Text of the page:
World War II landing ship makes maiden voyage as floating museum


WASHINGTON – The LST-325 (Landing Ship, Tank), a World War II amphibious vessel designed to land battle-ready tanks, troops and supplies directly onto enemy shores, will once again be plying the waters, but this time, being towed as a floating memorial making a maiden educational voyage on the Mississippi and Ohio rivers this summer.

One of two. The LST-325 is one of only two World War II LSTs to be preserved in the United States and is crewed solely by veterans.

Towing services are being provided by several barge companies including Kirby Corporation (Houston, Texas); Luhr Bros. (Columbia, Ill.); Madison Coal and Supply (Charleston, W.Va.); MEMCO Barge Line (Chesterfield, Mo.), and American Commercial Barge Lines (Jeffersonville, Ind.).

Acquired by the USS LST Ship Memorial Inc. in 2000, the LST-325 now serves as a museum and memorial ship for the men who served their country aboard LSTs.

Recreating a voyage made by LSTs in 1946 to thank workers who built many of the ships in America’s heartland in the early 1940s, the LST-325 launched a 78-day journey June 3 in Mobile, Ala.

Port calls. It will make ports of call in Vicksburg, Miss.; Memphis, Tenn.; Cape Girardeau and St. Louis, Mo.; Evansville and Jeffersonville, Ind.; Paducah, Ky., Greenville, Miss., and New Orleans, La., before returning to Mobile Aug. 19.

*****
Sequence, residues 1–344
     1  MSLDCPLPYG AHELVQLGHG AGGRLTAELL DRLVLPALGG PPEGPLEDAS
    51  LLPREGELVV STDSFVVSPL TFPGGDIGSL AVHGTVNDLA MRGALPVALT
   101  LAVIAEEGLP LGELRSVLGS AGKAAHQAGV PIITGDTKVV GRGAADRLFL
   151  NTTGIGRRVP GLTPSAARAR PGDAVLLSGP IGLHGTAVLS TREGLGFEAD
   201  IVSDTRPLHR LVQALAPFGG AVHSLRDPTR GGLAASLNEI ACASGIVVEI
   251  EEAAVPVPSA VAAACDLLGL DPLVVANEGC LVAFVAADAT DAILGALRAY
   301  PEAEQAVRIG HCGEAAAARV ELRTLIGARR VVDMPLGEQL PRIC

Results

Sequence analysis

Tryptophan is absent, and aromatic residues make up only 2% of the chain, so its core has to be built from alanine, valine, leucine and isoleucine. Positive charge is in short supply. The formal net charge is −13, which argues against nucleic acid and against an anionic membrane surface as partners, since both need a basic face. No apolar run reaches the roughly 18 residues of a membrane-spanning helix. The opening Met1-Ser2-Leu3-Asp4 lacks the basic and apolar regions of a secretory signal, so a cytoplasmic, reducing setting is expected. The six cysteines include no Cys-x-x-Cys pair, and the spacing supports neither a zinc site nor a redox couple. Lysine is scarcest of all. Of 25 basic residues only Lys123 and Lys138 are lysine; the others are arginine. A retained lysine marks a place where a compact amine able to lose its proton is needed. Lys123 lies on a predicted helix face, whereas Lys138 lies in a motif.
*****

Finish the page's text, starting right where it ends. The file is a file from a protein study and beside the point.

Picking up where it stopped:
With a total of 27 days under way, 51 total days in port, 78 total cruise days, 651.8 total hours under way and a total of 3,149.3 miles, the LST-325 will offer public tours and ceremonies at each landside stop.

Launched on Oct. 27, 1942 and commissioned on Feb. 1, 1943, the LST-325 has a rich history, serving in the World War II invasions of North Africa, Salerno, Sicily, and Normandy.

In 2000, the ship was saved from a Greek scrap yard, to which it had been sold, and brought back to the U.S. with a crew made up of World War II veterans with an average age of 72.

“The restoration of the LST-325 for its upcoming voyage on the Mississippi and Ohio rivers will allow visitors from all over this country and the world to pay tribute to the proud voyages of yesteryear and to the men who so bravely served aboard these great war ships,” said Bob Jornlin, captain of the LST-325.

Learn more. For the complete 2003 sailing schedule of the LST-325, along with its complete history, visit


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